Self-isolation for coronavirus (COVID-19)

Sick pay for self-isolation

Staff must be paid Statutory Sick Pay (SSP) if they cannot work while self-isolating because:

  • they have tested positive or have coronavirus (COVID-19) symptoms
  • someone in their household has symptoms or has tested positive for coronavirus
  • they've been advised to stay at home by their doctor because of a health condition
  • they've been told to self-isolate by a doctor or NHS 111
  • they've been told to self-isolate by a government 'test and trace' service, because they've been in close contact with someone who tested positive

If someone is off work for any of the reasons above, they're entitled to SSP from the first day. This is different to the usual rules for SSP where the first 3 days are unpaid.

To be eligible for SSP, they must be off work for at least 4 days in a row. This includes any of their usual non-working days.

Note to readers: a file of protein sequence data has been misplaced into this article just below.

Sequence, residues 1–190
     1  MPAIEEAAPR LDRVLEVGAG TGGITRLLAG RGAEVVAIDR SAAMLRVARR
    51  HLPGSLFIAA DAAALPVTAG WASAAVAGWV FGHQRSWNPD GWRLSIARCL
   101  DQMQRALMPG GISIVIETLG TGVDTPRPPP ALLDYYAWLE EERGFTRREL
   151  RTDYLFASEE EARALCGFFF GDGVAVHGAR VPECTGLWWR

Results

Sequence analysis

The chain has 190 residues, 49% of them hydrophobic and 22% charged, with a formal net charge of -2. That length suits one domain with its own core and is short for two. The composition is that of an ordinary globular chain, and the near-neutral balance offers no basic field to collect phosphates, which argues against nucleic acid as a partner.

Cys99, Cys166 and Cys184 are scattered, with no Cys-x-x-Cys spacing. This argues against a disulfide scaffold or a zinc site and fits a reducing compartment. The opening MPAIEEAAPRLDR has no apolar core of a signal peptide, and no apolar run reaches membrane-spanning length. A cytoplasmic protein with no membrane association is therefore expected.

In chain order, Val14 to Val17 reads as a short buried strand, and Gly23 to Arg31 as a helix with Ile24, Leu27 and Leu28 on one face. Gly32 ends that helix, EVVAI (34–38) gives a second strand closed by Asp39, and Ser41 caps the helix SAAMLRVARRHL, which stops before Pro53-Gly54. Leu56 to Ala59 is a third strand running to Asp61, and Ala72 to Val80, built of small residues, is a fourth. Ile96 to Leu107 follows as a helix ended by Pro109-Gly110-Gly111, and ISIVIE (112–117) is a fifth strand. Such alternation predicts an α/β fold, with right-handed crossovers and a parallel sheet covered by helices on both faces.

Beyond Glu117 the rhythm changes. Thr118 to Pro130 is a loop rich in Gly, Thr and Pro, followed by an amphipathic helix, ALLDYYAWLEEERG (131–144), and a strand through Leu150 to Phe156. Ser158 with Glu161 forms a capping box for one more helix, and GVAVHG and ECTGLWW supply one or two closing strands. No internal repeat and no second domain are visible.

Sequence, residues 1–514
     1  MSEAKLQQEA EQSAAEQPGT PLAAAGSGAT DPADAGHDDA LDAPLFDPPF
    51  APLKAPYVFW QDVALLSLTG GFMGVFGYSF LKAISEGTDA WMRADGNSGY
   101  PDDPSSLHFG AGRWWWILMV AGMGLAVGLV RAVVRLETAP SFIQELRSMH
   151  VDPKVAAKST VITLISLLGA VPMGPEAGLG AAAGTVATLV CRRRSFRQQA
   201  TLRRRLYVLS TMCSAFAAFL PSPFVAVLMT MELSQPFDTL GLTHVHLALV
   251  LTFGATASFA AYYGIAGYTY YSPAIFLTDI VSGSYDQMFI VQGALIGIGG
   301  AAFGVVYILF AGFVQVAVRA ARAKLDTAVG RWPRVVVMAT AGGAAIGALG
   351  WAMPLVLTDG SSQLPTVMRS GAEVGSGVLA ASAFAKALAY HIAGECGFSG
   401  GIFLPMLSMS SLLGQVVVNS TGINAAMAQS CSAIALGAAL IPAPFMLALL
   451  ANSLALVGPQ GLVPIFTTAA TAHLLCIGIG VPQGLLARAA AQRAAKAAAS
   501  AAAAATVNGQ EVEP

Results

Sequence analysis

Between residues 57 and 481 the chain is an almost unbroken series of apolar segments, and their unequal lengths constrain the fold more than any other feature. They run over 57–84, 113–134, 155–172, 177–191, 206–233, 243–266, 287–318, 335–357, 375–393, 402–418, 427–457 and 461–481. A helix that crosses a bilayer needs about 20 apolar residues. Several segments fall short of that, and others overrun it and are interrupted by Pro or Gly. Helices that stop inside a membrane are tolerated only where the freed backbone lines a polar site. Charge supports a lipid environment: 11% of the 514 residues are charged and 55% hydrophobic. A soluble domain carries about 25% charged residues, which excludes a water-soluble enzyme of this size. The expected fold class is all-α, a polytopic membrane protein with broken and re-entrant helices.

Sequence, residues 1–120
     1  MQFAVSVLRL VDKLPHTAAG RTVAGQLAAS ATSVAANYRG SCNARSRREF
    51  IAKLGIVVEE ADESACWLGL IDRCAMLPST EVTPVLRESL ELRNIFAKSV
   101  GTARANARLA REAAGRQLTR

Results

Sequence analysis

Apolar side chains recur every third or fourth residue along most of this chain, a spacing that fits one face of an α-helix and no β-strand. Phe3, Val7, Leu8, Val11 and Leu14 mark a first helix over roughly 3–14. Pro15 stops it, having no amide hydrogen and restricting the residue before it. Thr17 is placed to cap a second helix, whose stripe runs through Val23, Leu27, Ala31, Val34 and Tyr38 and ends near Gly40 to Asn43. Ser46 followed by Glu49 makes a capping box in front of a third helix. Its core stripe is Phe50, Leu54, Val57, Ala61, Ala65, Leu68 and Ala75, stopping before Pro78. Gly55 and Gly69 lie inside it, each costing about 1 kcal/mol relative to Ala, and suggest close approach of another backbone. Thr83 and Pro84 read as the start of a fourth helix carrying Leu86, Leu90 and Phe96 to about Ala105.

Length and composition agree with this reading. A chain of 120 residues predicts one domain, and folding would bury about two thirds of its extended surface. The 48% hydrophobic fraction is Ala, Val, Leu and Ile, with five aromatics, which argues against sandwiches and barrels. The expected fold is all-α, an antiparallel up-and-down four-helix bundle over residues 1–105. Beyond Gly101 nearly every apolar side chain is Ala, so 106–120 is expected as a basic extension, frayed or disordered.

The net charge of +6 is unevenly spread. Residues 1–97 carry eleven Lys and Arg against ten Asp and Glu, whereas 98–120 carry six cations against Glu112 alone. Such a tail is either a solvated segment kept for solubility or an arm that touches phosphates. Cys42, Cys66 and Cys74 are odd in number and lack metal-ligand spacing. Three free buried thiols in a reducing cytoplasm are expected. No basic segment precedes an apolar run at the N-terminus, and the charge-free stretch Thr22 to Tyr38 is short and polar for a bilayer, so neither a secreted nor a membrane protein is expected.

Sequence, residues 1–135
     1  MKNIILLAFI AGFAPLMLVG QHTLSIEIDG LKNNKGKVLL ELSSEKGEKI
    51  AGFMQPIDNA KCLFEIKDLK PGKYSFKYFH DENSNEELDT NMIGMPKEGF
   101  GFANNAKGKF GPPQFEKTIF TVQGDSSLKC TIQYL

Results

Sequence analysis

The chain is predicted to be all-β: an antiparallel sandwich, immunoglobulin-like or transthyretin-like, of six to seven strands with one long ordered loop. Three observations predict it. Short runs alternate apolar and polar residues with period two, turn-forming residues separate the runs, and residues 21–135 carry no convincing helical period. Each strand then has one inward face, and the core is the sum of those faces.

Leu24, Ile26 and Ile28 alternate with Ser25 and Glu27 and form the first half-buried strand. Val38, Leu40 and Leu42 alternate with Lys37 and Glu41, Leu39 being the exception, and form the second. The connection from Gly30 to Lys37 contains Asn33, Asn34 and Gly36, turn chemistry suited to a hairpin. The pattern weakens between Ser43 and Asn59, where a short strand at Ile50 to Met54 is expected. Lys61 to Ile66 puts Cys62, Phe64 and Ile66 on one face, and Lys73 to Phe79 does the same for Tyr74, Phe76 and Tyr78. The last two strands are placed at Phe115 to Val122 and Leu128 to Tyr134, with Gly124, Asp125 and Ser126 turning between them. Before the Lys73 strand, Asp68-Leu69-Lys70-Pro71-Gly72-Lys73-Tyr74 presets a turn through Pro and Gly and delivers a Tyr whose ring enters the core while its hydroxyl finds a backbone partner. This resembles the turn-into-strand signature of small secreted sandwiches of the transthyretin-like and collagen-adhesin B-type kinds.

Employers might offer more than SSP – 'contractual' sick pay.

Find out more about sick pay.

If the employee cannot work

If an employee or worker cannot work, they should tell their employer:

  • as soon as possible
  • the reason
  • how long they're likely to be off for

Pay for self-isolating or quarantine after travel

Employees or workers are not entitled to Statutory Sick Pay (SSP) if they're in self-isolation or quarantine after travel abroad and they cannot work from home.

They may be entitled to SSP for another reason, for example if they have coronavirus symptoms.

An employer can choose to pay the employee an amount equivalent to SSP, or a higher amount of pay, if they want to.

It's a good idea to check your organisation's policy to see sick pay rules.

Support for employers

Some employers can claim back up to 2 weeks' SSP they've paid to anyone because of coronavirus.

Find out more about claiming back SSP due to coronavirus on GOV.UK.

Last reviewed